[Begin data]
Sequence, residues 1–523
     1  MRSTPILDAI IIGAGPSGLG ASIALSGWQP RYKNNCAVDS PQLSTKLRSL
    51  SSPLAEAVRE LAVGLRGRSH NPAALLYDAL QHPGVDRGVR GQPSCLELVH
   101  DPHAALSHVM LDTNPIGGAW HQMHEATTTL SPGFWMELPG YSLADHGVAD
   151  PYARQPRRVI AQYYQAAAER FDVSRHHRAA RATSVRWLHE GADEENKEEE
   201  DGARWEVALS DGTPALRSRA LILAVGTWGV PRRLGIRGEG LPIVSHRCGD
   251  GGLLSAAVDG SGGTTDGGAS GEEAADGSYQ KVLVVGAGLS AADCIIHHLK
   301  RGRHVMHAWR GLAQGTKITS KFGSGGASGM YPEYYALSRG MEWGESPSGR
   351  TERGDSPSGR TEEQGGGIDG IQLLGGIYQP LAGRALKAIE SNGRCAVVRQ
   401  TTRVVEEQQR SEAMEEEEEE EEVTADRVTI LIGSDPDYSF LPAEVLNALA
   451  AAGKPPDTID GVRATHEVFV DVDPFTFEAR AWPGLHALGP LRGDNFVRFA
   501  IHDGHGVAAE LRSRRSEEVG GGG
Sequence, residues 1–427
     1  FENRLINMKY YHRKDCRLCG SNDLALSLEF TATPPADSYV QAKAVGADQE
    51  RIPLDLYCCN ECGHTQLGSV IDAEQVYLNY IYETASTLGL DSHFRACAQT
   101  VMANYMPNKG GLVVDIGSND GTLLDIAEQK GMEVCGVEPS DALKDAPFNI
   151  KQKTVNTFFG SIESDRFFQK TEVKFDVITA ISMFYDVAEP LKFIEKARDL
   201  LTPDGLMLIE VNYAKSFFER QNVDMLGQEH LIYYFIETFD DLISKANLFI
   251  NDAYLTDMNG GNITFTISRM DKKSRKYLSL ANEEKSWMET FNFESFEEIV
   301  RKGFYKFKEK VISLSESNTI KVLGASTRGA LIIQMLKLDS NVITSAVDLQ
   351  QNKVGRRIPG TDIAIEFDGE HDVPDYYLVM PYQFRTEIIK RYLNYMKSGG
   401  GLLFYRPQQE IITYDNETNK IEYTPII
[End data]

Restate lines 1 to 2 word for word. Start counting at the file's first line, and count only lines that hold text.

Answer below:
Sequence, residues 1–523
     1  MRSTPILDAI IIGAGPSGLG ASIALSGWQP RYKNNCAVDS PQLSTKLRSL